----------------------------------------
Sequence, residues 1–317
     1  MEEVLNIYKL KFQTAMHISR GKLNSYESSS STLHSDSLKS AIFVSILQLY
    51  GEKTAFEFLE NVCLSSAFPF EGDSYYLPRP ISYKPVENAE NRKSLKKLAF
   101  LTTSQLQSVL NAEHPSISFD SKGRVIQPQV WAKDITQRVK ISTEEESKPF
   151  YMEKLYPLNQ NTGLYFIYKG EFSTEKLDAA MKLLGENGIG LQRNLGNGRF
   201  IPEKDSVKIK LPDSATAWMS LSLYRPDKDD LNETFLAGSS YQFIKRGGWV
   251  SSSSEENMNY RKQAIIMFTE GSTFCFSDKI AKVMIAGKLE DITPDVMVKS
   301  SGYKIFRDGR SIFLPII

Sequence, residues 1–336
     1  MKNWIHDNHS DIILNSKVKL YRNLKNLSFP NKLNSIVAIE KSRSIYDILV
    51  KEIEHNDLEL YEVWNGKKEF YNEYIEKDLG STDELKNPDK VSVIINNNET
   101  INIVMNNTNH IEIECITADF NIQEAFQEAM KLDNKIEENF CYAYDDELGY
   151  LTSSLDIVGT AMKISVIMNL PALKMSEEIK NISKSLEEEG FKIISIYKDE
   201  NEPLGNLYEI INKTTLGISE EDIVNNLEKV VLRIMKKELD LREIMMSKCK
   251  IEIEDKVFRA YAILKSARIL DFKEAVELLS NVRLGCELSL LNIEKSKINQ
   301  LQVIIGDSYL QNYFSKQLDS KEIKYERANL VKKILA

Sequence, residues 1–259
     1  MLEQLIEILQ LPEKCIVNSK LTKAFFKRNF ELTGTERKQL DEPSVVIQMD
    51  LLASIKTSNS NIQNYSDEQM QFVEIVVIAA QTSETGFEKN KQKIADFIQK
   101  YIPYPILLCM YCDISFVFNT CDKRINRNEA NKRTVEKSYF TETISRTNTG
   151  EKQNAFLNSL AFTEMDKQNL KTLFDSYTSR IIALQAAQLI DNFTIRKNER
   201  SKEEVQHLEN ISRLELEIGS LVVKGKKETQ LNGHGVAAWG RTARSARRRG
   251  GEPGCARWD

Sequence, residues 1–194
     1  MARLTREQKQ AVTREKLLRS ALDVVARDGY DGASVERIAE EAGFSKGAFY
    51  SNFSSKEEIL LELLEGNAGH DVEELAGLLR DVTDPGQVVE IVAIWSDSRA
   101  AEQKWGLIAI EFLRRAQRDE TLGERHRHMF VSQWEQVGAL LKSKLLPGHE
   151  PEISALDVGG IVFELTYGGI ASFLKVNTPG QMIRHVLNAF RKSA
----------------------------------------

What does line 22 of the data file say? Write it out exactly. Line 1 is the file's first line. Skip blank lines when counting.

   201  SKEEVQHLEN ISRLELEIGS LVVKGKKETQ LNGHGVAAWG RTARSARRRG